The hypnagogic state is a peculiar sensory experience that marks the onset of sleep. Also known as hypnagogia, it can include a mesmerizing array of visions, sounds, bodily sensations and insights as you sail through the borderland state.
Most people will be familiar with the geometric imagery of hypnagogia as they fall asleep at night, or simply remain quietly aware during meditation. This can evolve into the sight of familiar faces, landscapes, voices and even music.
As the increasingly complex patterns flow across your field of vision, you feel drawn into the hypnotic hypnagogic state which, with focus, can be manipulated at will. What many people don't realize (because they fall asleep) is that imagery can lead directly to the dream state and, for our purposes, lucid dreams.
The terms hypnagogic (sleep onset) and hypnopompic (awakening) were created in the 1800s. Hypnos is Greek for sleep; while agogeus means guide. It is so named because it is most intense as you switch between phases of sleep and wakefulness.
The hypnagogic state can summon an array of senses, and is by no means limited to visuals. Auditory hypnagogia range from household noises like phones ringing, to music, to voices calling your name, to the loud buzzing noise associated with the onset of an Out of Body Experience. What's more, physical hypnagogia can cause you to feel as if you are floating outside of your body.
While some people consider hypnagogia to be meaningless activity of the brain - a way of clearing out unwanted junk - others believe it has more value. Just like lucid dreams, hypnagogia can be consciously guided and interpreted as it happens, forging a basic two-way communication with the unconscious mind. Therefore, on one level hypnagogia is a way of leading us into the dreamstate.
Scientists have linked the hypnagogic state with NREM sleep, pre-sleep alpha waves, REM sleep and relaxed wakefulness. There is a theory that regular meditation can enable you to develop a skill to freeze the hypnagogic process at later and later stages. And from personal experience, hypnagogia can be extremely helpful in deepening the meditative state required for wake-induced lucidity.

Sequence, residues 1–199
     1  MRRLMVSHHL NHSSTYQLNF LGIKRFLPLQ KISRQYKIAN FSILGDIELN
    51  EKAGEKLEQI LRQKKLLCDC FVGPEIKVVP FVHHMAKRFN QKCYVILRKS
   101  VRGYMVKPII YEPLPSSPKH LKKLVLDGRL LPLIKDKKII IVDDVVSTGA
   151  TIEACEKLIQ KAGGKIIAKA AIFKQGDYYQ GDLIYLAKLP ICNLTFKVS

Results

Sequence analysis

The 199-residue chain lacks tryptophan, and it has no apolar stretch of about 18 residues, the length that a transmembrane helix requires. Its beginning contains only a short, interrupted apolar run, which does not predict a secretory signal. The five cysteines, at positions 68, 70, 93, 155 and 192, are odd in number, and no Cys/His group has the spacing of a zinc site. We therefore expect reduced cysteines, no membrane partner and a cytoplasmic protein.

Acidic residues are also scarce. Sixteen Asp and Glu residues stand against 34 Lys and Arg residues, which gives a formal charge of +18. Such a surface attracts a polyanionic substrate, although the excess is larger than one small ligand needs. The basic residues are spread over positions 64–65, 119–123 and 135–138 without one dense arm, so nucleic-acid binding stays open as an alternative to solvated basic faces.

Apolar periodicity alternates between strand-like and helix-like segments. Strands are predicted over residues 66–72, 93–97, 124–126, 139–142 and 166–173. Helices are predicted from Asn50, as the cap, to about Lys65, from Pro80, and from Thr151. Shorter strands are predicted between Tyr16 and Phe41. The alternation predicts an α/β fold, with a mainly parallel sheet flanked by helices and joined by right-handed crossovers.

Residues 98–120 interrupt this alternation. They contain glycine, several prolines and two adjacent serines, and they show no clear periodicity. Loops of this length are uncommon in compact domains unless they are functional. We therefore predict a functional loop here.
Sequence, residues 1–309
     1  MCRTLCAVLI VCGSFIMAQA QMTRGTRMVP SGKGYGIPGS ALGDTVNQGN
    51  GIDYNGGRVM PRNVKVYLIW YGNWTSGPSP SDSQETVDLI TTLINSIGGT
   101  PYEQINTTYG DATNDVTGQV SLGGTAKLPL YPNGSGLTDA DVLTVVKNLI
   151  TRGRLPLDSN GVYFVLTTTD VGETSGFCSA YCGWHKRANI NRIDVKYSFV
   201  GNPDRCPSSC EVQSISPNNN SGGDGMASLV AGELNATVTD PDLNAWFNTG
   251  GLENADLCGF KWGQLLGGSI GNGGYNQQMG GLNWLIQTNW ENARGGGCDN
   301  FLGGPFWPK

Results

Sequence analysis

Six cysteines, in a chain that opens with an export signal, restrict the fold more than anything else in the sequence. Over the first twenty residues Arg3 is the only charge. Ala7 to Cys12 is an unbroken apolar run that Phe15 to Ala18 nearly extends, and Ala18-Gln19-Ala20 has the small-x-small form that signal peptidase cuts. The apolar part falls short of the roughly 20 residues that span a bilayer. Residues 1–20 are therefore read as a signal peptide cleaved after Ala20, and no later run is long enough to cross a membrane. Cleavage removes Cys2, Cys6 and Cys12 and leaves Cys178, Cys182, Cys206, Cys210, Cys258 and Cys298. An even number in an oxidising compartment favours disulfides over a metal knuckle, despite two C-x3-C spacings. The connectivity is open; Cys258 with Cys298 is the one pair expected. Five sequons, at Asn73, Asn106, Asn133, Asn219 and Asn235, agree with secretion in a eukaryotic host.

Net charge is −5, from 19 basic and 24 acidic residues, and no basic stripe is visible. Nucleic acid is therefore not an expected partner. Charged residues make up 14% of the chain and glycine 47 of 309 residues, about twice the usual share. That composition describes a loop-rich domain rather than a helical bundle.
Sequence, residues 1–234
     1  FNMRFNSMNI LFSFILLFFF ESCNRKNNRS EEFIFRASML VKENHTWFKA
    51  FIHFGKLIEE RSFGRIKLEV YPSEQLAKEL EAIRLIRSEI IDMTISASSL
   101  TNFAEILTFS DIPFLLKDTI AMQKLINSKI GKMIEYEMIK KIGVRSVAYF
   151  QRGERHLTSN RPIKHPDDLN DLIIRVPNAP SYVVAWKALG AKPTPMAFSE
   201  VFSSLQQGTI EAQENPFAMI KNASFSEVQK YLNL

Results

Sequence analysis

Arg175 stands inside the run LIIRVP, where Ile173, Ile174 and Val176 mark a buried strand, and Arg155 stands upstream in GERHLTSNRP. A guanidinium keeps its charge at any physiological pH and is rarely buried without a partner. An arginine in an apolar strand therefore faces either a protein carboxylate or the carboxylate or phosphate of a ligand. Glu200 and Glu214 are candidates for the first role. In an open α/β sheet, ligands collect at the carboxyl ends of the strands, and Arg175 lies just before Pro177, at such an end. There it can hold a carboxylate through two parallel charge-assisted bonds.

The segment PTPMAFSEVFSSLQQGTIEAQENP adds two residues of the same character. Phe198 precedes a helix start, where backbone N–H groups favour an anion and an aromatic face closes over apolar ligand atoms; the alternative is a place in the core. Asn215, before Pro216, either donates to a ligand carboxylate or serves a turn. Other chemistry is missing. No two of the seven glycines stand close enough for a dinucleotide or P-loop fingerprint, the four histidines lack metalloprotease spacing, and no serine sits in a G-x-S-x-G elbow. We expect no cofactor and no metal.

Although it is most commonly associated with sleep, you can observe some mild hypnagogia right now, even though you are mentally alert and awake. Close your eyes and cup your palms over your eye sockets (without actually touching your eyeballs). Focus on the middle distance. What do you see?
At first there may be an afterimage from the glare of the computer screen, but then you should see some faint visuals in the darkness like holographic wallpaper lining your eyelids. They will typically appear as static, geometric patterns which intensify a little when you direct your focus towards them.
For more exercises like this one, do check out How to Visualize.
Observing and interacting with the hypnagogic state as you drift to sleep is one way of entering a lucid dream on demand. The most powerful technique is known as a Wake Induced Lucid Dream, which in some circles is known as the Hypnagogic Induction Technique because hypnagogia plays such an important role.
To begin, lay quietly in a darkened room as if you are going to sleep. (An even better starting point is any time you wake up in the night, already relaxed.) Allow your eyes to close naturally and observe the darkness. The goal is to relax deeply and convince your brain that you are trying to go to sleep. The challenge, however, is to quiesce your mind just enough (no mind chatter) while holding onto a thin strand of awareness.
For me, focused hypnagogia often begins with amorphous blobs of color slowly moving through my field of vision. Then they shape up into more interesting patterns. I then visualize new forms for my hypnagogia to take - by "willing" the visuals to form shapes with increasing complexity.
With practice, you will learn how to evolve these moving shapes into people and places, which helps dictate the nature of your upcoming lucid dream. At some point, your dreaming mind will take over, introducing new imagery from beyond your field of vision. I'd liken this to recalling a memory. The sensation and emotions and visual recall come to mind, from somewhere beyond the projected imagery.
And so the lucid dream begins...
If you remained aware, you will find yourself in a lucid dream. To be a true WILD, there is no lapse in consciousness. (You may lose awareness for a few moments, then remember you are dreaming. This is more aligned with a Dream Initiated Lucid Dream or DILD.)
Depending on your state of mind when the hypnagogic state began, it can take as little as a few seconds to turn the visuals into a lucid dream. Or it can take 20-30 minutes. After this length of time, it is a judgment call whether to keep going. If you are starting to feel restless, then it's time to stop. If you feel dreamy and sleepy, by all means keep going.
The hypnagogic-WILD method is a compelling way to explore the realm between consciousness and sleep. You will discover deep relaxation, trippy visuals, clarity of thought, stress-relief and new insights.
Some people find it difficult to master at first. Usually the hardest part is making the transition from simply observing the complex hypnagogia to interacting with the dream. However, it is worth practicing because this also serves as a powerful form of meditation which in itself aids lucid dreaming on many levels.
I've discussed multiple techniques on this site in which the hypnagogic state plays a role. To learn more, check out:
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